For those of us who programmed over few generations of technologies Flex/FLash platform is a VM for going where computers never went before – with full support of the very talented and motivated Flex team and community. I think that most of the people in this community will feel very strongly about Microsoft claims of being developers oriented. For the last 10 years the only good products for new development coming from MSFT were former employees.
Personally, the attitude of evangelizing microsoft via cheap tricks like ” I’d find the most vocal person who hates us, and pick a fight, and I would do so knowing I would lose” http://www.builderau.com.au/news/soa/MS_Adobe_war_in_blogosphere/0,339028227,339273152,00.htm) greatly diminishes your credibility. It also speaks volumes on MSFT hiring practices for evangelist position. I would spend at least a year doing real application DEVELOPMENT experience with alphas and betas of the products before taking on Evangelist position. You really have to believe in things you are doing to succeed yourself and make other to succeed,
That being said, Flex does let you build components + animation effects faster…however this might not carry as much weight for a corporate app used by traders and wall street wonks.
For new greenfield projects that can consider a desktop client, at the moment building on an RCP is easily the winner.
Anatole: I stumbled upon this post today, so forgive the late response
I’m basing my crit on the fact that I’ve spent countless hours, pain and suffering building with Adobe/Macromedia products. I’m in the luxurious position of having the time to do a comparison on both sets, and that’s why I’ve held off for quite some time in broadcasting the deep dives in the products. As I’ve spent most of the time getting deeper and deeper into the web based tools Microsoft has on offer (2months in) and my original opinion stands, It’s much easier to punch out applications inside MS then it is with Adobe’s coutnerparts. I was disturbed at how easy it was to put together an AJAX ASP.NET application in comparision to Coldfusion, in both IDE and execution of OOP patterns. CF has its plus and minus but overall i’d rate ASP.NET easier to work with (that’s after 9 or so years of working with Coldfusion).
FLEX is painful, and I’ve seen a lot of people state “Flex Hurts” and your post is one of them. I’ll pick fights with folks who hate us, just because I want to get to the bottom of why, and secondly I’d prefer they do so out of their own home grown research and use with “alphas” and “betas” instead of subscribing to the mainstream channels opinion. In the case between the article you quoted, I felt that was the case. Ted’s not a fan of Microsoft for whatever the reason he decides – which is cool, I don’t have anything against that – I only jump in when I feel there is an unfair message being portrayed by a visible ranking Adobe FTE (just like they do with Microsoft and countless other companies that dare strike out against Adobe’s PR).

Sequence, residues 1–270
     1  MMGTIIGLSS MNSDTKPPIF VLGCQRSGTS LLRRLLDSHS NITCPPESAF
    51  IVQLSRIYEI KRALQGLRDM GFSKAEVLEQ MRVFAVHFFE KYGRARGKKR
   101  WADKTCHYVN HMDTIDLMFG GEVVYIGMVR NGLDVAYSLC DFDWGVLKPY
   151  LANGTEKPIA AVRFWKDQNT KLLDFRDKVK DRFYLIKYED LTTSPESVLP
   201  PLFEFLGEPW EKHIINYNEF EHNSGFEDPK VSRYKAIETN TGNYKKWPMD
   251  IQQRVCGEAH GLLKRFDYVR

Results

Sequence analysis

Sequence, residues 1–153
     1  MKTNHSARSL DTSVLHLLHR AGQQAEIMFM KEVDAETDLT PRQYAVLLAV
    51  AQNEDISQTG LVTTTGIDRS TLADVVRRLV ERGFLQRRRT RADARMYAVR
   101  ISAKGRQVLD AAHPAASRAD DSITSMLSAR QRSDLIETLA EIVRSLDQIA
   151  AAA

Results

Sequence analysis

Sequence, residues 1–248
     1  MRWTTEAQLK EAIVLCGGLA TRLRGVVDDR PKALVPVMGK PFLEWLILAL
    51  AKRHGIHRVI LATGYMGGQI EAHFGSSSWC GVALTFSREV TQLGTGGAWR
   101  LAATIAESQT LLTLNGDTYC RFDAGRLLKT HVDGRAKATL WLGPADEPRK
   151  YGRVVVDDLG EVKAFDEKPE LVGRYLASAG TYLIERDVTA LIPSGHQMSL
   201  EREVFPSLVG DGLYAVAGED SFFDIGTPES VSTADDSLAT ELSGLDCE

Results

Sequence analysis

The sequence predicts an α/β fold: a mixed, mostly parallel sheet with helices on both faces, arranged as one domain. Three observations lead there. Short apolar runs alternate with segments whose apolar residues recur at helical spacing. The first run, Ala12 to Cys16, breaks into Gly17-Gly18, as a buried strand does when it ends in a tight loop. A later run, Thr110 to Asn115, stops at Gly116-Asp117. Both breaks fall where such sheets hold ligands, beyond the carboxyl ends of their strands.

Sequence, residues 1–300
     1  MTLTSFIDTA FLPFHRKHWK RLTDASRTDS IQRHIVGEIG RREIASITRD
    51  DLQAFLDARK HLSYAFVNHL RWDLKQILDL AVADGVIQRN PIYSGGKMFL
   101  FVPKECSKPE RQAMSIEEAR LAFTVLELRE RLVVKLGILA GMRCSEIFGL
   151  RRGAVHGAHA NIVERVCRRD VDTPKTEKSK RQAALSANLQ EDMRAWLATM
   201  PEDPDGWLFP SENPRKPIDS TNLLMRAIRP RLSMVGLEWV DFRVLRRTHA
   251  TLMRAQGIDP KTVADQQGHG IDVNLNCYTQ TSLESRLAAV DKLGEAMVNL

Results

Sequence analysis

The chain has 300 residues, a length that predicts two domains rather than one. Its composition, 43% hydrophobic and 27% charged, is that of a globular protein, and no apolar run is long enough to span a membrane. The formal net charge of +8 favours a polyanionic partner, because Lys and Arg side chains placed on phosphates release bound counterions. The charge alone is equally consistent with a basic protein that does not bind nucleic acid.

My hiring was a hard process to get through, 4 months of rounds to be honest. As for questioning my credentials, i’d probably respond with a question around “what is it you actually pioneer in the RIA space”
Microsoft – Sticks n Stones, will actually break bones if you throw them hard enough.
There is a big difference between pioneering things and taking over. In my experience Microsoft made 0 efforts in 6 years (1999-2005) to do pioneering work with AJAX and RIA and a lot to own the space afterwards.
I do not think MSFT should get credit for making AJAX easy to code – that was mostly work by unknown JS developers suffering through these years. However, it is the one to blame for keeping browser unreliable, slow and unsecured/untrusted platform – and that would be their direct responsibility as the platform makers. By keeping browser bad they thought upgrade to Vista would be more compelling. IMHO, they lost all the credit they built in 90s.
The same way DOS was replaced by Linux for people that did not need Windows, AJAX/browsers will be replaced by Flash / Apollo / shells
As far as ease of development – I learned my lesson about it as well. Simplicity has its price – moving thinking process toward the end of the project. Understanding the application has more impact then the tools you have at hand. Applications that match AJAX toolkit are rare – and will become even more so. The times of AJAX are now, which means that pioneers already left the space 2 years ago.
I also believe that the best tools for most of the tasks are the ones you know best or made yourself – just keep learning. It also helps to re-read Joel Spolsky essays or “Mystical man years” from time to time to put things in perspective